Israeli Prime Minister Benjamin Netanyahu is cutting short a visit to the United States after a rocket fired from the Gaza Strip hit a house in a community north of Tel Aviv on Monday.
Israel's army said the rocket was fired from the enclave governed by the Palestinian group Hamas, raising the risk of another escalation between the two sides just ahead of April 9 Israeli elections.
Netanyahu is currently in Washington and said he would return home after meeting U.S. President Donald Trump later Monday, canceling an address to pro-Israel lobby AIPAC's annual conference on Tuesday.
The Israeli military on Monday decided to close two main crossings with the Gaza Strip, following rocket fire from the Palestinian territory.
Major General Abu Rokon, the coordinator of government activities in the territories, said the Erez (Beit Hanoun) and Kerem Shalom crossings will be shut until further notice, according to Israeli daily Yedioth Ahronoth.
Israeli authorities also decided to reduce the fishing zone for Palestinian fishermen off Gaza's coast.
The house hit was located in the community of Mishmeret, around 20 kilometres (12 miles) north of Tel Aviv, police said.
Mishmeret is more than 80 kilometres (50 miles) from the Gaza Strip and rocket fire from the Palestinian enclave at that distance is rare.
The hospital treating the wounded said seven Israelis were injured lightly by burns and shrapnel, including three children.
One of the wounded was a six-month-old child and six of them were members of the same family.
The house was destroyed in the wake of the rocket and subsequent fire, with burnt wood, a children's toy and other debris piled at the site.
Netanyahu said "there has been a criminal attack on the state of Israel and we will respond with force."
"I have decided, due to the security incidents, to cut short my visit to the United States," he said in a video released by his office.
"I will meet President Trump in a few hours and just after that I will return to Israel to lead closely the operations."
There was no Palestinian claim of responsibility for the rocket fire.
The outburst comes at a sensitive time for both sides. Israel is holding national elections in 15 days. Netanyahu, who also served as defense minister, is locked in a tight fight for re-election and has faced heavy criticism from his opponents for what they say has been an ineffective response to Gaza militants.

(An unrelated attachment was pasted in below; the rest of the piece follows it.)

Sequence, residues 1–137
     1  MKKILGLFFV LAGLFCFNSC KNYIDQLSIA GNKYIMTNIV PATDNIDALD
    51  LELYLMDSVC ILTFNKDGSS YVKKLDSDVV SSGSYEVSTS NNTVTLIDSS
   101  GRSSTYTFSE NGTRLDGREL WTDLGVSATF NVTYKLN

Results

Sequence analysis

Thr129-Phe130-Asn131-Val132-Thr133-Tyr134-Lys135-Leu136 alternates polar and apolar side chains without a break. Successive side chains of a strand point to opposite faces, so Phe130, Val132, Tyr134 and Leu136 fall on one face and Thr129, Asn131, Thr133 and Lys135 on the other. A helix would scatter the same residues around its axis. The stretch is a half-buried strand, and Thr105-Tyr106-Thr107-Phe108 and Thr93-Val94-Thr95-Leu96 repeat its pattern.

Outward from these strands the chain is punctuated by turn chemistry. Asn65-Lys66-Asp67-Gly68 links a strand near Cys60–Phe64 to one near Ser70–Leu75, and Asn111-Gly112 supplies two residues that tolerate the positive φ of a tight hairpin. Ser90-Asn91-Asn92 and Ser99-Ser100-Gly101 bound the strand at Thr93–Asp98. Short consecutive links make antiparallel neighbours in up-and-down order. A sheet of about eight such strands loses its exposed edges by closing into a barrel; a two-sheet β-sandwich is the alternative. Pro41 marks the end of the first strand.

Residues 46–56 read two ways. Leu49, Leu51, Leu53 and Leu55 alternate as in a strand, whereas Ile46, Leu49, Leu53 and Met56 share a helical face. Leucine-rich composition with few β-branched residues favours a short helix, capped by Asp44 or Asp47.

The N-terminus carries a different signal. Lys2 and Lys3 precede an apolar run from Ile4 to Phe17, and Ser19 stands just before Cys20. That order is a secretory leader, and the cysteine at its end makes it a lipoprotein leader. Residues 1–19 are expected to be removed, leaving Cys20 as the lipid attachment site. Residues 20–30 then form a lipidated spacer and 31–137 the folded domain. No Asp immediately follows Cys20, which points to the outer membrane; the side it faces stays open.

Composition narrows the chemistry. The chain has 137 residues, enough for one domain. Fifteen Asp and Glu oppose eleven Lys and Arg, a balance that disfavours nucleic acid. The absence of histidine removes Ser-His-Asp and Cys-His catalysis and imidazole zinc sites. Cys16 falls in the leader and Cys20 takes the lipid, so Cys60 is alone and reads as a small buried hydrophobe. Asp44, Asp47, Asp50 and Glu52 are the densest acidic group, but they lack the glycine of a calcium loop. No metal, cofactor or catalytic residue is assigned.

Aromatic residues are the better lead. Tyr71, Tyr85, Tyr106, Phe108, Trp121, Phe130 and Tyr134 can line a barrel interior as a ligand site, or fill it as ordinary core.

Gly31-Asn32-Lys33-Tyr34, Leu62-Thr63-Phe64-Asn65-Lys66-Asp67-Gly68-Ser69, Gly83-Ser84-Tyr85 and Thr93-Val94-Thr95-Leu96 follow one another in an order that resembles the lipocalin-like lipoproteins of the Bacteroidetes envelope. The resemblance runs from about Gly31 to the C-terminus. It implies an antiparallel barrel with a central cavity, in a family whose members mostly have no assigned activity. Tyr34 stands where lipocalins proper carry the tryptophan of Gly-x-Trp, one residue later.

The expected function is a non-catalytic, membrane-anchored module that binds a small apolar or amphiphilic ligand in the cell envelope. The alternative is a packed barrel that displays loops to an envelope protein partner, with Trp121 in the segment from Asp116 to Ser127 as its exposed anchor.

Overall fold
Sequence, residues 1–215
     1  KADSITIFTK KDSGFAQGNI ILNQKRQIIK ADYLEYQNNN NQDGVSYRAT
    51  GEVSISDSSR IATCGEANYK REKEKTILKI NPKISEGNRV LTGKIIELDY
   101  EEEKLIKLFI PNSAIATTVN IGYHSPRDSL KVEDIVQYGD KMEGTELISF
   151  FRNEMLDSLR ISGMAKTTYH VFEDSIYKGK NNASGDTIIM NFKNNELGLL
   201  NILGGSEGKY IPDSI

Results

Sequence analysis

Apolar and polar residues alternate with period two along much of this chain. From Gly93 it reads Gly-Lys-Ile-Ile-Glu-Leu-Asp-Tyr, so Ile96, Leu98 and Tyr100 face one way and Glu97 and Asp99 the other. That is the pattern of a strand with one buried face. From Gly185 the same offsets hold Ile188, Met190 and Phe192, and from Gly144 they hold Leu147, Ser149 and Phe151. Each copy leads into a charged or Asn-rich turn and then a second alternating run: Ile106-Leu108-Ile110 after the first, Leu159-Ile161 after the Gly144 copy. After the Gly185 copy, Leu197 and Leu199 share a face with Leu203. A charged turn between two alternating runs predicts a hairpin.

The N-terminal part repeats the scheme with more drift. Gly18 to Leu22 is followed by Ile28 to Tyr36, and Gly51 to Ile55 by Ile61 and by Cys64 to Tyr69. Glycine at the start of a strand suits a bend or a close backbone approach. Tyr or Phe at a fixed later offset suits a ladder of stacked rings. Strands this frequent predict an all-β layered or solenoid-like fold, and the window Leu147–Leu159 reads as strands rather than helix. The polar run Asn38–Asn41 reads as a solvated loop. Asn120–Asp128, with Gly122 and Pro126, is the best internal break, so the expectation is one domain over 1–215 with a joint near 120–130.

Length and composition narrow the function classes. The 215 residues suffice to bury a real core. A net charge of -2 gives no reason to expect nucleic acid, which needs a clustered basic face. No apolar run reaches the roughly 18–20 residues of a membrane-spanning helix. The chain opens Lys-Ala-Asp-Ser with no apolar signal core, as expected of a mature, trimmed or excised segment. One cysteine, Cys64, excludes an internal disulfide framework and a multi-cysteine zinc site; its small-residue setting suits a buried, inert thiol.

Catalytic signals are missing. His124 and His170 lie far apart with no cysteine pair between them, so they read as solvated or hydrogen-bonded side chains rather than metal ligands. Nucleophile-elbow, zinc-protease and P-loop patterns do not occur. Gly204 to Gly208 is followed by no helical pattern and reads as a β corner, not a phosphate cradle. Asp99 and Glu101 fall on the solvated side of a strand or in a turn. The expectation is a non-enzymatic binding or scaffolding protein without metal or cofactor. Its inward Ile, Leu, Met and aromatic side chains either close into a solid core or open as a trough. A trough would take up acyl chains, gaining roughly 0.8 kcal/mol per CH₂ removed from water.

"The reality in which Hamas turned Israel into a hostage is unprecedented and unfathomable," his chief challenger, Benny Gantz, wrote on Twitter on Monday.
Netanyahu has also come under attack from his own nationalistic camp.
"Israel's deterrence has collapsed, and it has to be said in all honesty Netanyahu has failed against Hamas," said Education Minister Naftali Bennett, head of the Yamin HeHadash faction in Netanyahu's coalition. "Netanyahu is a good prime minister but a failed defense minister."
Egypt, Qatar and the United Nations are trying to broker a long-term truce between Israel and Hamas but that effort has yet to bring about an agreement. At the same time, there has been an uptick in violence in the West Bank over the past week, with Israel's killing of two Palestinians it said attacked troops.
Monday's incident comes after two rockets were fired from Gaza toward Tel Aviv -- also rare -- on March 14.
No damage or injuries were caused, but Israel responded to that and further rocket fire by hitting what it said were around 100 Hamas targets across the Gaza Strip.
Four Palestinians were reported wounded in those strikes.
Both Hamas and Islamic Jihad denied they were behind the March 14 rocket fire towards Tel Aviv, raising the possibility they were launched by fringe groups.
Israel's military said they were launched by Hamas, but later there were Israeli media reports that the army's preliminary assessment was that they had been fired by mistake during maintenance work.
The reports were a sign that Israel was seeking to calm tensions. The military refused to comment on the reports at the time.
Monday's rocket comes just days ahead of the first anniversary on March 30 of Palestinian protests and clashes along the Gaza Strip's border with Israel.
An informal truce between Hamas and Israel had led to relative calm along the border, but recent weeks have seen another uptick in violence.
Netanyahu's visit to the United States was expected to include Trump's formal recognition of Israeli sovereignty over the Golan Heights, which it seized from Syria in the 1967 Six-Day War.
Breaking with longstanding international consensus, Trump said last week that the United States should recognise Israeli sovereignty there.
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